We have always had distractions. We have never had long attention spans. We have never had a golden age where our minds could freely concentrate on one thing and spawn a million complex and nuanced thoughts. Cowen reminds us that charges to the contrary have been made at the birth of every new cultural medium throughout history.

Moreover, the technologies that are supposedly turning our brain into mush are very much within our control. The difference between the new distractions (a flickering TV in the kitchen) and age-old ones (crying infant) is that the TV can be turned off, whereas the crying infant cannot. Willpower decides whether technology takes over your life (and your brain). In order to write this article I have turned off my email and phone to minimize distractions. Millions of hyperactive teens chose to stop texting and IM-ing and curl up with Harry Potter.

The glorification of “focus” is the second problem with the criticisms of bit-consumption and technology use in general. While some amount of focus is necessary, it is not the case that sitting alone in a quiet white walled room with no beeps or buzzes is the ultimate day-to-day environment for deep, creative thinking. Sam Anderson in New York Magazine summarized research that says un-focus is actually an important part of creativity—random meanderings and conversations can trigger important creative insights. Excessive conscious attention on one particular point can come at the cost of the free-associative brainstorms that just might lead to the next big thing. A University of Amsterdam study showed participants who were distracted from making a decision, and forced to consciously focus on something else, devoted valuable unconscious thought to the issue and ultimately made a better decision when they returned to the task.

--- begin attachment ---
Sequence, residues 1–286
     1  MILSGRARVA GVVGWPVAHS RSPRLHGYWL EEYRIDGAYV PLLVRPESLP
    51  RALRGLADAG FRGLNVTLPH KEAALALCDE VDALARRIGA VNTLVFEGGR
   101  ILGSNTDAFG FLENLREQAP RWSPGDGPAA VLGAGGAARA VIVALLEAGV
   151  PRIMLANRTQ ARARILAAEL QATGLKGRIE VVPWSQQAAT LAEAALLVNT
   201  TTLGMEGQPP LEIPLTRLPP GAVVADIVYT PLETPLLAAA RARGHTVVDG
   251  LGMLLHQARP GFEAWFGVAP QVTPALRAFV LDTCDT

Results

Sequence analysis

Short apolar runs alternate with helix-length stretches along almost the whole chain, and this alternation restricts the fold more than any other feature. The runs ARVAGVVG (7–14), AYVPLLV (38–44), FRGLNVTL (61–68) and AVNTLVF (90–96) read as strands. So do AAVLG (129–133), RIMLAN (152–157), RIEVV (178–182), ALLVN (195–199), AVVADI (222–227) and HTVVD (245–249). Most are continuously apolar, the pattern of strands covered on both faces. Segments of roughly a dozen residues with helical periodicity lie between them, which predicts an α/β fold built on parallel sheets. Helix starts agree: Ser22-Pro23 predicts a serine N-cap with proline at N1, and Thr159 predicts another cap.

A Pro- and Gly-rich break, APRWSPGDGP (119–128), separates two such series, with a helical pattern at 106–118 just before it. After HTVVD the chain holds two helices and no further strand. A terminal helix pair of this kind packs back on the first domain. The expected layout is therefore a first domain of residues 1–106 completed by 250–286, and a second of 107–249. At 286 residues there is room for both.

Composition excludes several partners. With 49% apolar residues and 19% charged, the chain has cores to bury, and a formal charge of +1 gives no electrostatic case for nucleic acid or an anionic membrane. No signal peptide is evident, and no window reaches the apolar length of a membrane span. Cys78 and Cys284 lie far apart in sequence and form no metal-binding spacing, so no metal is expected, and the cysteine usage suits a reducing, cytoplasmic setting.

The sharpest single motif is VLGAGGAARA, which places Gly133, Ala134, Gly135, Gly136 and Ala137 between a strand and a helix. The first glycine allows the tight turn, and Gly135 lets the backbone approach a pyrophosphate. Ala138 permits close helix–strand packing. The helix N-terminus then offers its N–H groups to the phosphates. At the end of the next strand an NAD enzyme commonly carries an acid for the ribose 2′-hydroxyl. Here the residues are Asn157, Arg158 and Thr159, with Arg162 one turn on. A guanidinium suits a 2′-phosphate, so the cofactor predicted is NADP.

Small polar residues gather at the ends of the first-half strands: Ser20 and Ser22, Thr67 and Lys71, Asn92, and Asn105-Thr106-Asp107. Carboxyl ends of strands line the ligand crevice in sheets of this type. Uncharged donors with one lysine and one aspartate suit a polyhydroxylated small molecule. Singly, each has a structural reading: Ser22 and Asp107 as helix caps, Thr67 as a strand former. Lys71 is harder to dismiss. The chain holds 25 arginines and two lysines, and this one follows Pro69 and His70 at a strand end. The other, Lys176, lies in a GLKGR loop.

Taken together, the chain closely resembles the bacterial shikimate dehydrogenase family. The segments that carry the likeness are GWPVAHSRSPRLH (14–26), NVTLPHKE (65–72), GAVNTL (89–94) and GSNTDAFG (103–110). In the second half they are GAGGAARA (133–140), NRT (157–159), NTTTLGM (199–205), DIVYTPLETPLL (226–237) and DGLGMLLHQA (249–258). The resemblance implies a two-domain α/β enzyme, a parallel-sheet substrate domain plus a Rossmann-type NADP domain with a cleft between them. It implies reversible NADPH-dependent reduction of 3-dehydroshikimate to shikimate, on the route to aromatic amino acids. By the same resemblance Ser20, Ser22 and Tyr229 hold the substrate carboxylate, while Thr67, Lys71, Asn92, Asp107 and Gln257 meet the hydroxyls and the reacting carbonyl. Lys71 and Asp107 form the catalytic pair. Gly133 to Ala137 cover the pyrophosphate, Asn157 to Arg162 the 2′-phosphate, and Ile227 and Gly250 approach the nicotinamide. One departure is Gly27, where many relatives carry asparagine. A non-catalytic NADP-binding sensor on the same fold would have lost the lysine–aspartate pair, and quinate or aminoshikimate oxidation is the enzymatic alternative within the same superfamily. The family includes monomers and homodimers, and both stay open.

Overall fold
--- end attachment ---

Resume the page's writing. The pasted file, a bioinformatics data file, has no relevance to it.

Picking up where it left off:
David Allen, the well-known productivity expert, says young people today use chaos and un-focus to generate creative insights. He notes the 25-year-old rock guitarist who says the best ideas for new songs come when he is working on another one. Allen wonders:

Maybe we allowed ourselves to be “taught” to focus, to constrain our impulsive thinking, to “pay attention”—and in the process ossified our ability to multi-perceive? Maybe there was a prior state of wide-eyed wonder that we lost.

We ought to consider the possibility that attention may not be only reflective or reactive, that thinking may not only be deep or shallow, or focus only deployed either on task or off. There might be a synthesis that amounts to what Anderson calls “mindful distraction.” Gen Y, the so-called ADD generation raised on the Internet, might be the ambassadors for mindful distraction. There are still young people accomplishing big things, their IQs are still as high as ever, and innovation continues apace… even as they are tethered to their iPhones. Somehow, they’ve made it work.


Neurodiversity and Individuality